Potato and (yellow) cherry tomato salad

How a bumper crop of apartment garden tomatoes survived the squirrels this year.

Blue Kitchen
Fingerling potatoes and cherry tomatoes tossed with a lively mustard vinaigrette.

Today's post is written by Terry Boyd's wife, Marion.

Summer is drawing to a close – we have a real blanket on the bed, we are wearing sweaters in the evening, and we are casting around for ways to use the bits and bobs that we harvest here from our apartment garden. The nation’s corn crop may have suffered this year, but our tomato crop is record-breaking. Outside, we have just a tiny scrap of ground under cultivation, but it is giving us a quart of cherry tomatoes every day, on bad days – and that is to ignore the big tomatoes, which are coming in with a vengeance.

And friends, I have also figured out how to beat the local squirrels. It’s been years of frustration, featuring comical shots of me, in various inappropriate garments, yelling even more inappropriate things at squirrels as they frisk up ahead with fat ripe red tomatoes in their clever jaws. But, because every year I rotate a different tomato variety into the mix, I stumbled on an answer: yellow. In our neighborhood, the squirrels do not recognize yellow tomatoes as food. Red tomatoes, yes. Peppers, berries, French fries, apples, yes. But yellow tomatoes, for no reason I understand, are safe. This year I planted only yellow varieties, and now we have a bumper crop, small and large, pear-shaped and round, all of them luscious, well-balanced explosions of acid and sweet, and not one meddling squirrel has touched them. Not. One.

Victory.

We thought of this recipe on the fly as part of a recent weekend barbecue. We’ve got tomatoes! We’ve got potatoes! We’ve got 30 minutes! It’s one of those dishes that is so simple, it is almost not a recipe, but a description.

Potato and Cherry Tomato Salad
  Serves 4 to 6

30 fingerling potatoes, mixed red and white
A pint of cherry tomatoes, cut in half
Chives

For the vinaigrette:
 1 tablespoon balsamic vinegar
 2 tablespoons olive oil
 1 tablespoon Dijon mustard
 Salt and freshly ground black pepper
 1 teaspoon herbes de Provence

Wash the little tomatoes and cut them in half. Our version uses Sun Gold tomatoes, our favorite, but use the ones you like best. A mix of little heirlooms, red, yellow, purple, would be very handsome.

Make the vinaigrette by whisking all the ingredients together in a small bowl. Set it aside.

Choose fingerling potatoes that are all about the same size, nice unbruised ones without eyes. Don’t peel them. Put them in a pan, cover generously with cold water, bring to a boil, and simmer for five to seven minutes, depending on the size, until they are just tender.

When they are cooked, drain them and plunge into cold water for a minute so you can handle them. Cut each in half lengthwise and place in a medium bowl.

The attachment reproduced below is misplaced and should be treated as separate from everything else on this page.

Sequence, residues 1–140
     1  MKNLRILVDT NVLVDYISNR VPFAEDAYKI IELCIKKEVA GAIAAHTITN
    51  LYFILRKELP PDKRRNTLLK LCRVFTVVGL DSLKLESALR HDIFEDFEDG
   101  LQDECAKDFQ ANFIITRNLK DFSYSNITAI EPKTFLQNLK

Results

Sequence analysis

Pour the dressing over the potatoes – use just enough to coat the potatoes, not so much that it pools in the bottom of the bowl. Save any extra dressing for another salad.

Set aside a few tomato halves for garnish. Carefully pour the rest into the potato salad bowl, and very gently fold everything together.

Garnish with the remaining tomatoes, snip some chives over the salad and serve. That’s it.

This is also really wonderful the next day, cold from the fridge.

You've read  of  free articles. Subscribe to continue.

Dear Reader,

About a year ago, I happened upon this statement about the Monitor in the Harvard Business Review – under the charming heading of “do things that don’t interest you”:

“Many things that end up” being meaningful, writes social scientist Joseph Grenny, “have come from conference workshops, articles, or online videos that began as a chore and ended with an insight. My work in Kenya, for example, was heavily influenced by a Christian Science Monitor article I had forced myself to read 10 years earlier. Sometimes, we call things ‘boring’ simply because they lie outside the box we are currently in.”

If you were to come up with a punchline to a joke about the Monitor, that would probably be it. We’re seen as being global, fair, insightful, and perhaps a bit too earnest. We’re the bran muffin of journalism.

But you know what? We change lives. And I’m going to argue that we change lives precisely because we force open that too-small box that most human beings think they live in.

The Monitor is a peculiar little publication that’s hard for the world to figure out. We’re run by a church, but we’re not only for church members and we’re not about converting people. We’re known as being fair even as the world becomes as polarized as at any time since the newspaper’s founding in 1908.

We have a mission beyond circulation, we want to bridge divides. We’re about kicking down the door of thought everywhere and saying, “You are bigger and more capable than you realize. And we can prove it.”

If you’re looking for bran muffin journalism, you can subscribe to the Monitor for $15. You’ll get the Monitor Weekly magazine, the Monitor Daily email, and unlimited access to CSMonitor.com.